Project partners

Eleven institutions will be involved in the network, including Coventry University, who are leading the project. The network will draw on recent developments in a range of disciplines which use correspondence collections as a primary data source. These relevant fields include Corpus Linguistics and the Digital Humanities, History and Historical Sociolinguistics. Each of the eleven institutions will contribute to and benefit from the network’s recommendations for the digitising and marking-up of letter collections. We anticipate that participants will contribute to capacity building within these institutions by disseminating workshop outcomes to junior colleagues and research students. 

The institutions are:

Università Degli Studi di Bergamo, Italy (Professor Marina Dossena) Рis developing 'A Corpus of Nineteenth-century Scottish Correspondence', which comprises both business and familiar letters, especially by/to emigrants.

University of Bergen, Norway (Professor Kevin McCafferty) - together with Dr Carolina Amador at the Universidad de Extrenadura - are developing a Corpus of Irish English Correspondence (CORIECOR).

Coventry University, UK (Professor Hilary Nesi and Emma Moreton) – specialise in corpus development and analysis and are currently working with two letter collections: the correspondence component of the BT Archive (part of the JISC-funded BT Digital Archives Project) and a collection of emigrant letters held at the University of Missouri.

Niall O’Leary was Project Manager for the Digital Humanities Observatory, Ireland, a research project of the Royal Irish Academy and part of the Humanities Serving Irish Society (HSIS) initiative. The Digital Humanities Observatory developed DHO: Discovery, a portal to collections of Irish cultural artefacts. More details of these projects can be found at

Glucksman Ireland House, New York University, US (Patrick O’Sullivan) – former Head of the Irish Diaspora Research Unit.

University of Helsinki, Finland (Professor Terttu Nevalainen) - developed the Corpus of Early English Correspondence (CEEC).

The Immigrant History Research Centre (IHRC) at the University of Minnesota, US (Professor Donna Gabaccia and Dr Sonia Cancian) – the Digitizing Immigrant Letters Project (2008 - present) aims to collaborate with a wide variety of institutions in North America and abroad in order to create digital archives of letters written between migrants and their loved ones, to provide their translations into English and promote research of migrant correspondence across disciplines - in accordance with the Center's mission to promote interdisciplinary research on international migration, develop archives documenting immigrant and refugee life, especially in the United States, and make specialized scholarship accessible to students, teachers, and the public.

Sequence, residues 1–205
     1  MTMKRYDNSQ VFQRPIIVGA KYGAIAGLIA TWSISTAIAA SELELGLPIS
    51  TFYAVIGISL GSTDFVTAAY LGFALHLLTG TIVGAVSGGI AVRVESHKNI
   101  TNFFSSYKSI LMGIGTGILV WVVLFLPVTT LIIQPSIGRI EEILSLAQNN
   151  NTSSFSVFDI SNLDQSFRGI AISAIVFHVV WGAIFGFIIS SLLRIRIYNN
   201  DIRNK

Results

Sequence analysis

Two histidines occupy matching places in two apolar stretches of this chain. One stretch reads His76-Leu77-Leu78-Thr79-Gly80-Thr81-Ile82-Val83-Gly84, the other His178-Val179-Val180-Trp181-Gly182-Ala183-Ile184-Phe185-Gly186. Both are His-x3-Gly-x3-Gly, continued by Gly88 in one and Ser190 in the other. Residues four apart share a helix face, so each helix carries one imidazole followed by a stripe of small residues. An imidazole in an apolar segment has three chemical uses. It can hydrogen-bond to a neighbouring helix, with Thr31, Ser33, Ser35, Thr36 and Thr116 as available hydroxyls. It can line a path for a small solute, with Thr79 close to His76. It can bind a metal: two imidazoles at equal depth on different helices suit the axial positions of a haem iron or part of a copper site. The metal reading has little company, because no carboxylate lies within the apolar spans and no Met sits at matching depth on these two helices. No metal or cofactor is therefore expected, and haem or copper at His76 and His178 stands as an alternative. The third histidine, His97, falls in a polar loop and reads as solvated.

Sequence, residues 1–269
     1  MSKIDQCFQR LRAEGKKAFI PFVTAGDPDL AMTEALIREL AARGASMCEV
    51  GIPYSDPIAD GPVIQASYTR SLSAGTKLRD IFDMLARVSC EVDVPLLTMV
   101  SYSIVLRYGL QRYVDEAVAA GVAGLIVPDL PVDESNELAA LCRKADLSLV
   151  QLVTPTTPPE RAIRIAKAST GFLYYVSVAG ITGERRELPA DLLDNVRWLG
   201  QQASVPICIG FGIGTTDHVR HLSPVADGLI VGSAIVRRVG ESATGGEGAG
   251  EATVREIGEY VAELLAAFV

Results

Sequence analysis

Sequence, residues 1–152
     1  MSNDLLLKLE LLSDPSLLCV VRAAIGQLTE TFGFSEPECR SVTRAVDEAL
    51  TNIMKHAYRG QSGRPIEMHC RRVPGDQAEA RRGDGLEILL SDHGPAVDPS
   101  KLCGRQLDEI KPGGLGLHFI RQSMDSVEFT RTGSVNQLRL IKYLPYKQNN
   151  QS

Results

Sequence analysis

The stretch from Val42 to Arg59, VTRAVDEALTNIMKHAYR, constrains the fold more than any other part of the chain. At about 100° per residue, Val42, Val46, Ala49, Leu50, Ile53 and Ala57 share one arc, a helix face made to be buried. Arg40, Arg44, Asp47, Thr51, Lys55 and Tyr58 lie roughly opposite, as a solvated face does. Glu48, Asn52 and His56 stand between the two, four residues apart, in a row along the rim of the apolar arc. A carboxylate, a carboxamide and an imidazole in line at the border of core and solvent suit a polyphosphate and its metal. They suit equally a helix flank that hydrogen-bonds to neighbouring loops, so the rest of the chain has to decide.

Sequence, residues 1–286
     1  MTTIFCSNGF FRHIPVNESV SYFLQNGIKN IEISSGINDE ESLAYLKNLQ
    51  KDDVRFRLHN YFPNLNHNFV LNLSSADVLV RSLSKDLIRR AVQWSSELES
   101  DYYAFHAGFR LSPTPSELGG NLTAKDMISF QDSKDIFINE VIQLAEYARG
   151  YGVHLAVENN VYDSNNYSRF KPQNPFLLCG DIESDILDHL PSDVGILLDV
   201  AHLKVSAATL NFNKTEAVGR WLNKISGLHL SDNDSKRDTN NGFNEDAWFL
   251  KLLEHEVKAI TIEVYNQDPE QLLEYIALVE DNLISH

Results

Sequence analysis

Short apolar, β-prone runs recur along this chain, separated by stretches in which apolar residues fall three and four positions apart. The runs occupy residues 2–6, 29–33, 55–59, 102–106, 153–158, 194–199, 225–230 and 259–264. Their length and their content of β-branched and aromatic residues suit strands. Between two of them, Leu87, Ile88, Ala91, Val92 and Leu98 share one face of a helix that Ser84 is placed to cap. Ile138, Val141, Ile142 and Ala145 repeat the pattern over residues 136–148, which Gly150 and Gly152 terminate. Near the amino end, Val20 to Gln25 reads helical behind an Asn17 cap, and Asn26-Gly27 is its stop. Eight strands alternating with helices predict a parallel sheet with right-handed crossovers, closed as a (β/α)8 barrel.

The Mellon Centre for Migration Studies (CMS) (Dr Brian Lambkin and Dr Patrick Fitzgerald) - CMS houses the Irish Emigration Database which includes 4000 letters by/to Irish emigrants. A new interface was recently created for the resource as part of the AHRC-funded project 'Documenting Ireland: Parliament, People and Migration'. Dr Johanne Trew, University of Ulster, is also an associate of the CMS and will be contributing to the research network.

University of Missouri, US (Professor Kerby Miller) - writes extensively on issues surrounding Irish migration and holds an archive of Irish emigrant correspondence containing well over 5,000 letters dating from the late 17th to mid 20th century (see:

Universität Paderborn, Germany (Professor Joachim Veit and Peter Stadler) Рare conveners of the TEI Correspondence SIG and have been involved in several funded projects relating to the markup of letter collections (see:

Universiteit Utrecht, the Netherlands (Dr Anita Auer and Mo Gordon) – together with Tony Fairman (independent scholar) and Professor Mikko Laitinen, Linnaeus University – are currently encoding and annotating a collection of correspondence written during the Late Modern English period, to create the corpus 'Letters of Artisans and the Labouring Poor'.

Other contributors:

Universitat Pompeu Fabra, Spain (Luis Espinosa-Anke, PhD Student) - Luis is currently working on the implementation of a range of methods for automatic text processing, looking, in particular, at historical correspondence.

Dickinson College, US (Professor Marcelo Borges) - Marcelo is developing a corpus of 19th and 20th century Portuguese migrant correspondence. The project explores the narratives of “call letters” used at the turn of the twentieth century by Portuguese migrants to ask their wives and children to join them abroad.

Professor Michael Ellis from Missouri State University and Professor Michael Montgomery from the University of South Carolina are developing the Corpus of American Civil War Letters, which currently contains over 6,000 documents.